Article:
How (not?) to garden in Kathmandu


One of the weird things about bouncing around the planet so much is having to continuously adapt to different climates.  We are here for two years in Kathmandu, and have now been though the annual seasonal rotation once.  In theory, we are back where we arrived, at the end of the rainy season, except that it doesn’t really remind me very much of last year. But then again, I’ve only done this once….when does it start to get cold again?  What’s the season for tomatoes?  What can you grow in the winter if it there’s hardly any frosts?  Its confusing.

In theory, October and November are very warm and sunny during the day and starting to get cool at night.  December and January are sunny and mild during the day, and can get down to frost at night (occasionally).  I didn’t have much in the garden last December.  I have no idea how our geraniums are going to handle it.  They certainly didn’t like the rainy season very much.  Almost nothing did.  Pots became waterlogged and septic if we didn’t move them into a covered location.  Plants just went yellow and died.  But finally the rains are going away and the soil is begging to be turned and planted.  Who are we to say no?!

There’s a plot to the side of the house that was a kiddy sand pit when we moved in.  The previous tenants very kindly left it there for “other families with kids.”  As Latham is a little to old to play in a sandpit we were stuck with the problem of getting rid of it.  The sand was dumped in the corner behind the mango tree, but the soil underneath was dusty and lifeless.  Our staff threw in a few flowers higglety-piggedly and it was hard to access or water.  Security guards stepped on the strawberries.  Nothing did very well.

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The ex-sand pit.  Not quite the “before” picture.. more like “before the flowers went in”

Finally I got smart.  I bought some cheap local bricks (with swastikas I might add – explanation here) and made a  simple path through the mess. Then I did triage on everything that was growing there, dug it over and added compost.  Everything is looking so much healthier, and I can get in to water and weed .  Next we went shopping for fall plants and a few supplies.  You can find plants and compost, but things like supporting sticks, wire, ties, that kind of thing are non-existent.  Robert made sticks by quartering big, fat bamboo poles with a cleaver.  We didn’t need much else, but what we did need had to be ordered from Amazon.  There’s very little in the way of gardening supplies here.

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So my path is lined in swastika bricks. Isn’t everyone’s?!

 

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Shopping for plants always fills me with joy. Lots of new colours!

 

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Robert’s very healthy looking tomato plants. They are starting to flower so we should have fruit set starting in a couple of weeks. Hopefully with a little plastic each night once it starts to get colder they will survive the cold and get enough sun during the day. Unfortunately, the house next door is blocking too much sunlight already.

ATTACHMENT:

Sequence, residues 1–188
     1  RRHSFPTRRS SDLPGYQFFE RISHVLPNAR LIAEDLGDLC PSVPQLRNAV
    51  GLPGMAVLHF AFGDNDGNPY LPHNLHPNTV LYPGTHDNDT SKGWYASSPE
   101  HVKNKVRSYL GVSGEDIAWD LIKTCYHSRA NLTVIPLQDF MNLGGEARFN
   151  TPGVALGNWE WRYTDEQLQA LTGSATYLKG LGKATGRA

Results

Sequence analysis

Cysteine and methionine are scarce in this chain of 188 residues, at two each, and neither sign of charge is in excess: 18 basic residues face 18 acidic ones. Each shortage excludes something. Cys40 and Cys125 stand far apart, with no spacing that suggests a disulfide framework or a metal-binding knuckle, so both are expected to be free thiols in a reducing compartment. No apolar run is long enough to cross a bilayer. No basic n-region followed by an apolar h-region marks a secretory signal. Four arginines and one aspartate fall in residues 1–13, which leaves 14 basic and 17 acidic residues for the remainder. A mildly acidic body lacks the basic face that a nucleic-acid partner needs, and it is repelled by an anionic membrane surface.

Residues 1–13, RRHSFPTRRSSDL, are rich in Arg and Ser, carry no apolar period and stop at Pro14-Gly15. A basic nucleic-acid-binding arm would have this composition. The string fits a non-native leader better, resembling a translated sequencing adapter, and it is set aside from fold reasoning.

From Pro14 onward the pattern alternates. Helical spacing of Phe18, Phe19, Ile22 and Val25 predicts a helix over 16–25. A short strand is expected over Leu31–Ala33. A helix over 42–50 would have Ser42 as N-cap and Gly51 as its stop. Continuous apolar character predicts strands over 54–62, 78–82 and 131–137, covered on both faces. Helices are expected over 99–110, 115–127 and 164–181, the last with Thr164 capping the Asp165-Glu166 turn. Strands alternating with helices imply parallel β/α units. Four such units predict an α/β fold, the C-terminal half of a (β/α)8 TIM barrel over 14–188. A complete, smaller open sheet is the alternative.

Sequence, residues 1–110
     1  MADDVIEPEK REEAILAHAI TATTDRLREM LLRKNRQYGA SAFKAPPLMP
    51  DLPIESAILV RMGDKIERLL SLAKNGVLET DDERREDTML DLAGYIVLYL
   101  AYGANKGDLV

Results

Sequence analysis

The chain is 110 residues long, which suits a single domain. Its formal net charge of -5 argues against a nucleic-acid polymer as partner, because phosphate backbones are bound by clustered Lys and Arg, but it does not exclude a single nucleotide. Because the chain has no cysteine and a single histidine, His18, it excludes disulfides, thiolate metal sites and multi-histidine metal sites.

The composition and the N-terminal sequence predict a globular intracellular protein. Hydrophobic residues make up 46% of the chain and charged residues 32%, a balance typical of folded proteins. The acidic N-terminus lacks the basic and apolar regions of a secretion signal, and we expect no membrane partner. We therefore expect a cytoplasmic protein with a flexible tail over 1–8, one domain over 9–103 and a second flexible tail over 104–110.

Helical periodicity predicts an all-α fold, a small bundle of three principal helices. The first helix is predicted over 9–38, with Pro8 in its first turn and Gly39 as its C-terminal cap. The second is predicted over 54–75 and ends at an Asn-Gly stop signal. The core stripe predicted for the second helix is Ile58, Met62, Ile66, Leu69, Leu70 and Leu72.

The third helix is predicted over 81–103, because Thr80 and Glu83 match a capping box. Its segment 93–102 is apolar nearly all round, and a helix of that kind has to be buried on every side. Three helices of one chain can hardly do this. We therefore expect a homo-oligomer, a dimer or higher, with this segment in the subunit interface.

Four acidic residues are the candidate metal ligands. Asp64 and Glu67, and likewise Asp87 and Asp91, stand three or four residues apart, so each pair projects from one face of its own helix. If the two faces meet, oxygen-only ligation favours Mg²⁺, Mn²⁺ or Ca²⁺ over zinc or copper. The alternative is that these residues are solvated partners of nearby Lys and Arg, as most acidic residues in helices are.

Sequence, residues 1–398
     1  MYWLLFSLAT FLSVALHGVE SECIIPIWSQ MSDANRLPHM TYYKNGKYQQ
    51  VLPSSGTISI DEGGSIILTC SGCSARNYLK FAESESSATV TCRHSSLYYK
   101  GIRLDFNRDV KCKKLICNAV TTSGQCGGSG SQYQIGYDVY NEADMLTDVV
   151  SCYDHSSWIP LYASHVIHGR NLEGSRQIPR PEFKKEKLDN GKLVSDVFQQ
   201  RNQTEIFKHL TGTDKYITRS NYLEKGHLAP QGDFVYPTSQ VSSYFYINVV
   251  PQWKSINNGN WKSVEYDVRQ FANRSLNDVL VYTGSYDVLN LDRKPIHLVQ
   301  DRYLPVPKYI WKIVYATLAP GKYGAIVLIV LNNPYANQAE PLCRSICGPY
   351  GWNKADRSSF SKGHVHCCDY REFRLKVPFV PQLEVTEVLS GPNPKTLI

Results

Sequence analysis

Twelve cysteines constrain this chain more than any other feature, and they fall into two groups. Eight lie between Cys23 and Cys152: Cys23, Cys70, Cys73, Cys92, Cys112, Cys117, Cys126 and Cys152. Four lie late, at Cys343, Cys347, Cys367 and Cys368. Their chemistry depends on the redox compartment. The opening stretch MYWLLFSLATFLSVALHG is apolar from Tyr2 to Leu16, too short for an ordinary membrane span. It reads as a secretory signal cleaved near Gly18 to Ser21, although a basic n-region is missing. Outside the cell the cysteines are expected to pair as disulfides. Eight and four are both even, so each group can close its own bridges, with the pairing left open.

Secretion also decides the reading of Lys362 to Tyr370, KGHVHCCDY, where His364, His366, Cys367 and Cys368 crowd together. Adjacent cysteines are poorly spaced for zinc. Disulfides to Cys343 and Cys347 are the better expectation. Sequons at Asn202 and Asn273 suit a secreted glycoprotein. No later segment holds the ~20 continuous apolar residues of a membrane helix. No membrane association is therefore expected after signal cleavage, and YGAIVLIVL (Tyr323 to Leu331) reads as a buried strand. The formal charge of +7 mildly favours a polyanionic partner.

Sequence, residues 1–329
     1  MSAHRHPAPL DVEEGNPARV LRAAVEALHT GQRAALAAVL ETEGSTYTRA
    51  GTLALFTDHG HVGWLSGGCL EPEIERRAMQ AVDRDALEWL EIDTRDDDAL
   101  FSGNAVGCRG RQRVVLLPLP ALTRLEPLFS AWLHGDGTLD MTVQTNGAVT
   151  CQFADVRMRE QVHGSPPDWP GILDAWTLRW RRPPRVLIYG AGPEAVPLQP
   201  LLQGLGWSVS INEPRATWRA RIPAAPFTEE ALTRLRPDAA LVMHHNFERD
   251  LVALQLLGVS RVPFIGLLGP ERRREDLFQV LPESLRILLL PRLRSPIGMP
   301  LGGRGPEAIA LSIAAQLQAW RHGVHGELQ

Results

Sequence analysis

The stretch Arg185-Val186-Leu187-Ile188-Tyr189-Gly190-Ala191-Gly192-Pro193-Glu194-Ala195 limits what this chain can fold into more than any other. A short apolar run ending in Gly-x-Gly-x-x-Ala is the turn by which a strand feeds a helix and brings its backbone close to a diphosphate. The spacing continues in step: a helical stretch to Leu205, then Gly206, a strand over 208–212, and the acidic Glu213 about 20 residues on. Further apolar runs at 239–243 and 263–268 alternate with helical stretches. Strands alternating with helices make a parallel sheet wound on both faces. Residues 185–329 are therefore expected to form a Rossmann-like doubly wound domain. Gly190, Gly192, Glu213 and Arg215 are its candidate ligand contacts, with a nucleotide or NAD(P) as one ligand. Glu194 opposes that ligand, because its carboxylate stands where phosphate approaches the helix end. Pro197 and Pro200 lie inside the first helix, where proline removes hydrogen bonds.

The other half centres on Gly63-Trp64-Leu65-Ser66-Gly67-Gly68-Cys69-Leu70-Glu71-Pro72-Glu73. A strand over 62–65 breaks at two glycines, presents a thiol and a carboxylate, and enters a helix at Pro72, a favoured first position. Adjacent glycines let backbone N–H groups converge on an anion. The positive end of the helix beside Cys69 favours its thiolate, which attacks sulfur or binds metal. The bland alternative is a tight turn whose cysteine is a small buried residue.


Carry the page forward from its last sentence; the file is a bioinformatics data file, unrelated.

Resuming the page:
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My finished garden. Just waiting for the mums to grow and blossom. Hopefully it will look pretty for the next couple of months.

I remember how much I missed having a garden in Manila, and its taken almost a year (or half our tour) for me to head out to plant things.  It was Robert’s insistence on planting tomatoes that got me past all the challenges of gardening here and back outside again.  Even if we only get a couple of months outside poking around in the dirt,  its valuable time outdoors while we still can.  Who knows where we’ll be living this time next year.  More photo updates if all grows well!

5 thoughts on “How (not?) to garden in Kathmandu

  1. I loved hearing about your gardening adventures and challenges. For me, it would be hard to get plants established and then have to uproot, so to speak. Perhaps you have addressed this in a prior blog, but I would be interested in knowing how you obtain housing ~ is it assigned or do you find it yourself? Is it usually pretty nice? When we were in Thailand last month we noticed and were curious about the many swastikas ~ disconcerting, to say the least, and were interested in learning about this connection to Buddhism. I am really enjoying this blog and I am very happy to know that Robert married someone with such creative flair!

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  2. Hi, dear C, I love your posts and now, in Belle Mead retirement, have found loads of time to read your really interesting notes on Nepal. In re your comments on the swastika, I note that it is a digammodian cross –two Greek gammas together, and is all over Greco-Roman architecture, itself a fusion of Indo-european cultures (think Roman Empire and trade). Related to your going to a (so fun!) slam–at which events NJ Dodge Poetry winner Michael Bodel spent much time–the double gamma fits beautifully here, a further fusion of east and west–as Holman said about great US poets Ginsberg, Kaufman and Corso–

    “Slam! Into the Mouth of
    the Dharma!”
    Because Gregory Corso says, “Why do you want to
    hang out with us old guys? If I was young, I’d be
    going to the Slam!”
    Because Bob Kaufman says, “Each Slam / a finality.”

    I’d love to see you guys…any trips to us planned…?
    xoxo

    Liked by 1 person

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